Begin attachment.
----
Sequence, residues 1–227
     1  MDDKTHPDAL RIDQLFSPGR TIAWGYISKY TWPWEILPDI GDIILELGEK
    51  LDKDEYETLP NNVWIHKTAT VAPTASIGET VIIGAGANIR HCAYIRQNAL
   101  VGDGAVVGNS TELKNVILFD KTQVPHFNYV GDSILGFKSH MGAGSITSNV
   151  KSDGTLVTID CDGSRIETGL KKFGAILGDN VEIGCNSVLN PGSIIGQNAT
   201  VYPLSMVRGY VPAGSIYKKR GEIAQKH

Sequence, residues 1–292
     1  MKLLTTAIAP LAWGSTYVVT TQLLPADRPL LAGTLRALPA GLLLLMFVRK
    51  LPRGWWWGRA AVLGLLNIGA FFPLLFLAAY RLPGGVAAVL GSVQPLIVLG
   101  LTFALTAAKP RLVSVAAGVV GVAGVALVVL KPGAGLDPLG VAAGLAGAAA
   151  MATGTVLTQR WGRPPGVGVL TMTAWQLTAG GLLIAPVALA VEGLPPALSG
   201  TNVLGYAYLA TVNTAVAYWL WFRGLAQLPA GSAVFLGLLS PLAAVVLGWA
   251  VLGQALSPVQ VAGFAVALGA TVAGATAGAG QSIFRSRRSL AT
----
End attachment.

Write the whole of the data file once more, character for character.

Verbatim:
Sequence, residues 1–227
     1  MDDKTHPDAL RIDQLFSPGR TIAWGYISKY TWPWEILPDI GDIILELGEK
    51  LDKDEYETLP NNVWIHKTAT VAPTASIGET VIIGAGANIR HCAYIRQNAL
   101  VGDGAVVGNS TELKNVILFD KTQVPHFNYV GDSILGFKSH MGAGSITSNV
   151  KSDGTLVTID CDGSRIETGL KKFGAILGDN VEIGCNSVLN PGSIIGQNAT
   201  VYPLSMVRGY VPAGSIYKKR GEIAQKH

Sequence, residues 1–292
     1  MKLLTTAIAP LAWGSTYVVT TQLLPADRPL LAGTLRALPA GLLLLMFVRK
    51  LPRGWWWGRA AVLGLLNIGA FFPLLFLAAY RLPGGVAAVL GSVQPLIVLG
   101  LTFALTAAKP RLVSVAAGVV GVAGVALVVL KPGAGLDPLG VAAGLAGAAA
   151  MATGTVLTQR WGRPPGVGVL TMTAWQLTAG GLLIAPVALA VEGLPPALSG
   201  TNVLGYAYLA TVNTAVAYWL WFRGLAQLPA GSAVFLGLLS PLAAVVLGWA
   251  VLGQALSPVQ VAGFAVALGA TVAGATAGAG QSIFRSRRSL AT